On June 6th 2017, as Chair of the Infrastructure, Development and Enterprise Committee, I introduced an agenda item for council discussion on Exploring Pathways to Transition the Corporation of Guelph to Net Zero and the Electrification of our Corporate Transportation Fleet.
I’m pleased to report the recommendations received unanimous support from council.
Below, please find my speaking notes and video.
Council, Guelph’s Community Energy Initiative (CEI) is currently undergoing an update through the leadership of the Community Energy Task Force. In the rapidly evolving fields of energy conservation, low carbon, battery storage and renewable energy technologies, the Task Force has been given a broad mandate to explore strategies for facilitating a more rapid adoption of these technologies throughout our community and local economy.
Separate from the CEI update however, is our own Corporate Energy Management Policy (CEMP), which is overseen by our newly formed climate change sustainability office and has a straight forward mandate on energy: Use Less, Make More, Use It More Wisely and Reduce Costs.
While honorable, council I believe (just like the CEI), this policy could use an update.
Let me expand.
For many years the driving force behind taking action on climate change has largely been reliant on a value based or moral imperative argument. I understand this from an environmental perspective and I believe these values need to be reflected in policies at all levels of government. Today however, I am becoming increasingly convinced that the speed in which our larger economy is moving in this space, there are now very strong fiscal arguments to moving in this direction as well.
I’ll cite the example of water conservation in Guelph as a great case study for an Ecofiscal business case approach to conservation. An approach that’s good for the environment, good for our local economy, and good for saving us money.
That’s the “common currency” approach that I’d like to bring to the corporate energy file. I believe all residents should see their values reflected in these policies, whether they be environmental, fiscal, or social. I believe this common currency approach will lead to broader support and less polarization in this area.
To illustrate “common currency”, first I’ll speak to reducing emissions.
It’s commonly understood that the electricity generation mix in Ontario is now over 90% free of carbon based greenhouse gas emissions. With a clean generation grid, we now must focus our attention on the next big gains in emissions reductions. Those being, the 35% of our provincial emissions coming from the transportation sector, and the 19% coming from buildings. These two sectors alone account for 54% of provincial emissions and represent the greatest room for improvement in Ontario. For Guelph’s part, aligning our Corporate Energy Management Plan with actions in these sectors is what this recommendation seeks to achieve.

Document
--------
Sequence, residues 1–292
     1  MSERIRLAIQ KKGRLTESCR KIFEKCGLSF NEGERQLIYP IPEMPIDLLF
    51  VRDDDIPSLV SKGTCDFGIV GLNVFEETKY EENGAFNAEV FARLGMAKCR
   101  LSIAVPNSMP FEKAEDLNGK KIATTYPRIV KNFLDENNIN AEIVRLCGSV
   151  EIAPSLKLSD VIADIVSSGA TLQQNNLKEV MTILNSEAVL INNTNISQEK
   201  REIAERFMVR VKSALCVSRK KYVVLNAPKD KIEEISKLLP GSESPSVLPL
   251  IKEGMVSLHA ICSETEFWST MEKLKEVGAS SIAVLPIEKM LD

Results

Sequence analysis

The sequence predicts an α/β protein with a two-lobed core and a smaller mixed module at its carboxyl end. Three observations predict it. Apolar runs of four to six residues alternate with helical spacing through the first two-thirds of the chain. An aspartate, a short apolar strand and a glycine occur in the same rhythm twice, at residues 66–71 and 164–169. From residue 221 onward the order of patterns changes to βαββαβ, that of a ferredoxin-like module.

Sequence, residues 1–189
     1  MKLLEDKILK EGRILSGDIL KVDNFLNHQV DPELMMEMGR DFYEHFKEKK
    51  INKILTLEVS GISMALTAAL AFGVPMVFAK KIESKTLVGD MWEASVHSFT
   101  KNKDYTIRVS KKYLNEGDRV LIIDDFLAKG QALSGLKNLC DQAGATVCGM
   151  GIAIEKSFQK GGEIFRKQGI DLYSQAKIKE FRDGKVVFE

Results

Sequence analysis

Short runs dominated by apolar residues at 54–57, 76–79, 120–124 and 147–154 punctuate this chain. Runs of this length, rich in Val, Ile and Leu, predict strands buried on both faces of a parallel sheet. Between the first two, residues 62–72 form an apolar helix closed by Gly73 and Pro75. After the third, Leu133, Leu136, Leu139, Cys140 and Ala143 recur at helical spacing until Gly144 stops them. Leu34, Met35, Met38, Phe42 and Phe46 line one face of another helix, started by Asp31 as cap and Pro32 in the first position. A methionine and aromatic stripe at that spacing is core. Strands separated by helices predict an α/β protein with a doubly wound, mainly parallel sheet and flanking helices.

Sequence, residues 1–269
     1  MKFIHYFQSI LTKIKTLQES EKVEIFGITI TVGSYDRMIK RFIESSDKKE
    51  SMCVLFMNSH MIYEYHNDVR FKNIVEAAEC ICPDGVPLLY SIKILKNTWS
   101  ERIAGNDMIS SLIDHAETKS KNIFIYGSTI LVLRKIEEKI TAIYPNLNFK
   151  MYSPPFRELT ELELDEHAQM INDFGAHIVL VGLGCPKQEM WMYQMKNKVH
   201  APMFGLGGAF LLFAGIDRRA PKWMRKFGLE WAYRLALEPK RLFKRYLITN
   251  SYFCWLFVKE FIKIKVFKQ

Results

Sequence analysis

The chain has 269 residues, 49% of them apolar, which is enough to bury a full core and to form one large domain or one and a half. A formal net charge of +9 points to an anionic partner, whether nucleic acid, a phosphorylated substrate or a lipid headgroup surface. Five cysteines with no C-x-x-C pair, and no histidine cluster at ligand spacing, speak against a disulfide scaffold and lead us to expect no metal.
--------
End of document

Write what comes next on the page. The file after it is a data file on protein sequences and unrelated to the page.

Secondly, I’d like to speak to reducing costs.
In 2017 our corporate utility bill is expected to surpass $10M dollars and our corporate transit fleet will have a total fuel cost of almost $4M. Now, with existing conservation and electrification technologies already in existence, I’m confident that there are pathways to reduce these budgets by 40-70% in some cases, and apply the savings annually to other needed areas of spending (infrastructure, housing, lower taxes). And I’ll note, this transition is already occurring globally.
India, has just announced they will be transitioning to 100% electric vehicle sales by 2030. Reducing their national emissions by 37% but also, reducing their national energy costs by $60 billion dollars (by reducing their countries dependence on foreign oil import and keeping that money in their domestic markets). Further the City of Vancouver has also recently endorsed a Zero Emissions Building Plan to be implemented by 2030, which again focuses on the fiscal returns on investment, while reducing emissions. And finally, a little bit closer to home, the City of Windsor has recently begun procuring 100% electric city buses.
In short, the cost curve on these technologies is upon us. So yes, the moral imperative exists, but (if done correctly) the business cases also exist and will appeal to the broader “common currency” approach our residents are looking to support.